Dynamic contrast enhanced Breast MRI (DCE BMRI) has emerged as powerful tool in the diagnostic work-up of breast
cancer. While DCE BMRI is very sensitive, specificity remains to be an issue. Consequently, there is a need for features
that support the classification of enhancing lesions into benign and malignant lesions. Traditional features include the
morphology and the texture of a lesion, as well as the kinetic parameters of the time-intensity curves, i.e., the temporal
change of image intensity at a given location. The kinetic parameters include initial contrast uptake of a lesion and the
type of the kinetic curve. The curve type is usually assigned to one of three classes: persistent enhancement (Type I),
plateau (Type II), and washout (Type III). While these curve types show a correlation with the tumor type (benign or
malignant), only a small sub-volume of the lesion is taken into consideration and the curve type will depend on the
location of the ROI that was used to generate the kinetic curve. Furthermore, it has been shown that the curve type
significantly depends on which MR scanner was used as well as on the scan parameters.
Recently, it was shown that the heterogeneity of a given lesion with respect to spatial variation of the kinetic curve type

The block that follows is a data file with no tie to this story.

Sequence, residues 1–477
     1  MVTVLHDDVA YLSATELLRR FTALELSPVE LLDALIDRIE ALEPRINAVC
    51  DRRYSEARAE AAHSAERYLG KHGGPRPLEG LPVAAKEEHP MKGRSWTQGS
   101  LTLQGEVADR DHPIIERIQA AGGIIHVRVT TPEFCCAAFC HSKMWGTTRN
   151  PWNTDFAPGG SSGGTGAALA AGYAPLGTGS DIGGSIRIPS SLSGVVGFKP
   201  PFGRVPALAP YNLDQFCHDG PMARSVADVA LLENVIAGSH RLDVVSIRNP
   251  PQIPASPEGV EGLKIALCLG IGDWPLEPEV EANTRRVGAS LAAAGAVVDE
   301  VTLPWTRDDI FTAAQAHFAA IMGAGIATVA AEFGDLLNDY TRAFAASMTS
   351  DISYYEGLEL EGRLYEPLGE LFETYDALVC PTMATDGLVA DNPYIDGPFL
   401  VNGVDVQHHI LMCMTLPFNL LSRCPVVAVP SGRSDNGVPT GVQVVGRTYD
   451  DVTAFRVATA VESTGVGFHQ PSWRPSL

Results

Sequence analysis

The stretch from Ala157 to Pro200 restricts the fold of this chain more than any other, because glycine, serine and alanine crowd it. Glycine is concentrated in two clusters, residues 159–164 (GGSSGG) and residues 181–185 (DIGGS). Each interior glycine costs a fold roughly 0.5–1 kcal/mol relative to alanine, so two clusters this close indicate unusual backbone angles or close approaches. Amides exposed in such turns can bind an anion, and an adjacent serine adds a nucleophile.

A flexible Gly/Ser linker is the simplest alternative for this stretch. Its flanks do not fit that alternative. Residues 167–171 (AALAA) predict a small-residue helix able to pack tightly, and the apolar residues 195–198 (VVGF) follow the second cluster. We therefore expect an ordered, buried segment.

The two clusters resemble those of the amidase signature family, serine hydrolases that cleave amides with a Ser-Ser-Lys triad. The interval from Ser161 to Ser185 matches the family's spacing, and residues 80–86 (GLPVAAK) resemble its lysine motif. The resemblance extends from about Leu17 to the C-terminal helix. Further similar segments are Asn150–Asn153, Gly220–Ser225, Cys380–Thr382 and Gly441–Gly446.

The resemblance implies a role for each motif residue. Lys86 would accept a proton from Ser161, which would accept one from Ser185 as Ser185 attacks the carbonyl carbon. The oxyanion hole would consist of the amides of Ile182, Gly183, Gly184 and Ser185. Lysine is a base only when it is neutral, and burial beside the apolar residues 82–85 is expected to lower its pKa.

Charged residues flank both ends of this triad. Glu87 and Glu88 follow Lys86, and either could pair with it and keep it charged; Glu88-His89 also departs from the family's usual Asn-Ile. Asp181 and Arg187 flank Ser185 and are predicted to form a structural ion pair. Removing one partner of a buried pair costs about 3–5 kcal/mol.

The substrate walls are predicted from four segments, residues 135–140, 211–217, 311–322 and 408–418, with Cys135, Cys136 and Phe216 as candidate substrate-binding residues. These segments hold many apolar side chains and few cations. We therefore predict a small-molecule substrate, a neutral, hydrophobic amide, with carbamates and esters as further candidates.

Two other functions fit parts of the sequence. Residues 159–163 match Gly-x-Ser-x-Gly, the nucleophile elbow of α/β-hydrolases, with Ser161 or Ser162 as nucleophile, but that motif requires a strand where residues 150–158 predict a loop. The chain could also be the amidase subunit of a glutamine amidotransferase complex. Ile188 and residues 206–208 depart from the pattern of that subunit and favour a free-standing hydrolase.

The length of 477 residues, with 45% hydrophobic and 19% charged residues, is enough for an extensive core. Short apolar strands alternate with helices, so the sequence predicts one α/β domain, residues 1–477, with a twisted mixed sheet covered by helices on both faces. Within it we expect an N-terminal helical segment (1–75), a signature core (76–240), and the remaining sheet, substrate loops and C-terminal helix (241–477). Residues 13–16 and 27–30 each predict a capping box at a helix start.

is a clinically significant indicator for malignancy of a tumor. In this work we compare four quantitative measures for the
degree of heterogeneity of the signal enhancement ratio in a tumor and evaluate their ability of predicting the dignity of a
tumor. All features are shown to have an area under the ROC curve of between 0.63 and 0.78 (for a single feature).
Our goal was to develop and evaluate a reliable segmentation method to delineate axillary lymph node (ALN) from
surrounding tissues on US images as the first step of building a multi-modality CADx system for staging ALN.
Ultrasound images of 24 ALN from 18 breast cancer patients were used. An elliptical model algorithm was used to fit
ALNs boundaries using the following steps: reduce image noise, extract image edges using the Canny edge detector,
select edge pixels and fit an ellipse by minimizing the quadratic error, Find the best fitting ellipse based on RANSAC.
The segmentation was qualitatively evaluated by 3 expert readers using 4 aspects: Orientation of long axis (OLA):
within +- 45 degrees, or off by +-45 degrees, overlap (OV): the fitted ellipse completely included ALN, partially
included ALN, or missed the ALN, size (SZ): too small, good within 20% error margin, or too large, and aspect ratio
(AR): correct or wrong. Nightly six % of ALNs were correctly evaluated by all readers in terms of OLA and AR, 90.2%
in terms of OV and 86.11 in terms of SZ. Readers agreed that the segmentation was correct in 70% of the cases in all
aspects. Due to small sample size and small variation among readers, we don't have power to show the accuracy of them
Dynamic Contrast Enhanced Breast MR Imaging (DCE BMRI) has emerged as a modality for breast cancer diagnosis. In